The flip side of accomplishments is mistakes. Cripe sees only one major faux pas by FWI.

"We waited too long to ask for corporate sponsorship - telling our story as opposed to keeping our story under wraps," she says. "We weren't good about tooting our own horn and highlighting the expertise we have. We have members who for years have run companies with integrity and provided jobs and community service, but we haven't done a good enough job about making it known. We are doing it now, but it takes awhile. We are competing for time and dollars."

Getting their message out isn't the only challenge facing FWI.

"For the industry as a whole, the biggest challenge is competition and low markets because of low interest rates," says Cripe. "For women, it's dealing with two issues at the same time - work and family. Whether it be taking care of elderly parents, husbands or children, keeping everything going is difficult.

"Women tend to be the point person for just about everything. They wear multiple hats at their company and in their family. They also do a lot of community service. Our members are busy people trying to keep stress from ruining their health!"

In a male-dominated industry, relieving stress may be just one step toward breaking the glass ceiling.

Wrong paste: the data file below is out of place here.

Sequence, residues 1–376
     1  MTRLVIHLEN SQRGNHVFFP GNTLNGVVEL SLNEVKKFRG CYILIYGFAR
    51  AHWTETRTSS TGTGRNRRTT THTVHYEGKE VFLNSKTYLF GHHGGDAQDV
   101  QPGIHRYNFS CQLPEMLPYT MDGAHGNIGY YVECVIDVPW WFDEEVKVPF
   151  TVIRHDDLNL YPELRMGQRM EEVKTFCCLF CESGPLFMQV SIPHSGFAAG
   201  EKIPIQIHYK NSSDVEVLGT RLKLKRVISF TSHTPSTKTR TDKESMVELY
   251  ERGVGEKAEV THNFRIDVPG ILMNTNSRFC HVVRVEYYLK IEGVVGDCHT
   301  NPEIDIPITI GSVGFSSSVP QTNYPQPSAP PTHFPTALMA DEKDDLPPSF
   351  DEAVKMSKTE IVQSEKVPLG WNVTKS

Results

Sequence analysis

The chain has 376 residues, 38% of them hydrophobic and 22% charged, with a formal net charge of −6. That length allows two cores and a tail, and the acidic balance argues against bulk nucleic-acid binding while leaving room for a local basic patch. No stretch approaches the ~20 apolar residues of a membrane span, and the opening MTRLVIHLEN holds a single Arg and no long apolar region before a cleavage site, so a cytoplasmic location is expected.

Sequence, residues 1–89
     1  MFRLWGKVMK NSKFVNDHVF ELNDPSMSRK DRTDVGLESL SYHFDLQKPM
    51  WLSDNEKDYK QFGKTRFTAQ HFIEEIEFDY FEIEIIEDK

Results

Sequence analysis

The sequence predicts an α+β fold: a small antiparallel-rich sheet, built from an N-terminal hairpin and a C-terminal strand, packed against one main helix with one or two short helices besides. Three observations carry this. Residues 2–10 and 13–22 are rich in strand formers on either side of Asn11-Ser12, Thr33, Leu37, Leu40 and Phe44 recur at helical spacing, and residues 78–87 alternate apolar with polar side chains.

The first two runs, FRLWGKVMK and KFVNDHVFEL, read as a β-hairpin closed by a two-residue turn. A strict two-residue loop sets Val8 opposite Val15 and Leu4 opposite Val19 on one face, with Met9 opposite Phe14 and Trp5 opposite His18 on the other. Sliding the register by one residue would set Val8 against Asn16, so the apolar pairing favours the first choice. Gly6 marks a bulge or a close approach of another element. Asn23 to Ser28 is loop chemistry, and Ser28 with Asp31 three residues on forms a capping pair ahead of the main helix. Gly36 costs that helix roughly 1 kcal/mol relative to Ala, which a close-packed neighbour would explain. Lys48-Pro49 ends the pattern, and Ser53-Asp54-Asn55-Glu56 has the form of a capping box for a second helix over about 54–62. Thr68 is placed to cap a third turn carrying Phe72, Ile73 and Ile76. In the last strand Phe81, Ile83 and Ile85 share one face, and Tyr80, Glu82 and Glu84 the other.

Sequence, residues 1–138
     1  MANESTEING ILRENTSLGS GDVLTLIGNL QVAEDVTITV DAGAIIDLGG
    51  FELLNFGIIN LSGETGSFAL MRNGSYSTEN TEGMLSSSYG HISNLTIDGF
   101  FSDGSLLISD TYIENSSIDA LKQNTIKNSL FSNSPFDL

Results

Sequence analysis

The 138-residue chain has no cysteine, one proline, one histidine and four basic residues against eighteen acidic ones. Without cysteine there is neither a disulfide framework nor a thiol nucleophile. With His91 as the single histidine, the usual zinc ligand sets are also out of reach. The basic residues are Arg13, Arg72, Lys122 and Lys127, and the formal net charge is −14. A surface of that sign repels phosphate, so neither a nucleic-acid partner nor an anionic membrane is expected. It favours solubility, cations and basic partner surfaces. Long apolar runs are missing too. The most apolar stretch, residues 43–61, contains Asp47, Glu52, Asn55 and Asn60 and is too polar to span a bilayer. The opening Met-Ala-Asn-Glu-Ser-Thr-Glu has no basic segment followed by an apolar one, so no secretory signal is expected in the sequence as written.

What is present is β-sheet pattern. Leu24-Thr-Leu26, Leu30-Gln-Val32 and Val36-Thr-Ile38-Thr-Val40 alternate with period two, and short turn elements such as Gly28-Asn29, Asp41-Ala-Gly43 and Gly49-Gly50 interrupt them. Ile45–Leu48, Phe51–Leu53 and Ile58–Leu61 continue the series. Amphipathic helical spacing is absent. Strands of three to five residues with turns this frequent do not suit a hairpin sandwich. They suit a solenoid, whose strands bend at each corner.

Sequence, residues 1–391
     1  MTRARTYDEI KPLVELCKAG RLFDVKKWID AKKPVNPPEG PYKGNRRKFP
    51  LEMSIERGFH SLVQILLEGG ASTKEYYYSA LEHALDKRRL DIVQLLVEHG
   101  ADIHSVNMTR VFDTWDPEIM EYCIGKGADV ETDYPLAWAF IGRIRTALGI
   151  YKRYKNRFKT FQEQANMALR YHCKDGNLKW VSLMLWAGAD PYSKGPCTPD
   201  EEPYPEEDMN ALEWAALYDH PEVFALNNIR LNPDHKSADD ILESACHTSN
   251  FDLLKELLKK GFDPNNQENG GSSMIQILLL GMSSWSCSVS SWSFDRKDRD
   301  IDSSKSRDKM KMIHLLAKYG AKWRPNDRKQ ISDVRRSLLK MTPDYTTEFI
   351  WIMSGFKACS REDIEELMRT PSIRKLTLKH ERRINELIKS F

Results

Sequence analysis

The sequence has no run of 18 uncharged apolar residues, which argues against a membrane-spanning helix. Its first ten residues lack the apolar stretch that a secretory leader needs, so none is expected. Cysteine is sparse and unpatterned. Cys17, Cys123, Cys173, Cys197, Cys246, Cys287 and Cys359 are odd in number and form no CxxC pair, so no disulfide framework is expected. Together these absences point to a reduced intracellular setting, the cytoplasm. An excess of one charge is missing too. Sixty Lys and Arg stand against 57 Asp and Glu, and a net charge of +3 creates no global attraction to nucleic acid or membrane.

"In any case, it all goes back to traditions long held and hard to break into," says Cripe. "Many women got into the banking industry part-time. The hours were good and they liked the work. Men were rolling off the MBA track and were immediately going into senior-level positions. That is changing, but we still have a lot of small banks throughout the country that just don't have many openings.

"The median age of CEOs today is late 50s/60s. People are working longer and staying put. There also are lots of family-owned institutions with grandfathers and sons still running the shop. At least the percentage of women in senior management in the financial services industry isn't less than in other industries."

Cripe says that women are "leading the pack for America's small businesses," and FWI is "providing a wide forum for community improvement and economic development. We are getting women in positions they have traditionally never been in."

She predicts that FWI will become an even bigger influence in the financial services industry and will take a larger role in legislation that will affect not only FWI members and their jobs but the industry as a whole.

Eighty years ago, Mina Bruere, Secretary and Chairman of the first program committee for FWI, wrote:

"A confident hope that we shall grow in strength, in dignity, in clarity of purpose, in service to the field and to the women who have entered it, may be justified if the distance which the association has covered in these short years since our small informal beginning, be a measure of the future."

Thanks to the dedication and effort of thousands of women like Julie Cripe, FWI surely will continue to measure its merit through strength, dignity and clarity of purpose.

Financial Women International

200 North Glebe Road, Suite 820

Arlington, VA 22203-3728

Phone: 703-807-2007

Fax: 703-807-0111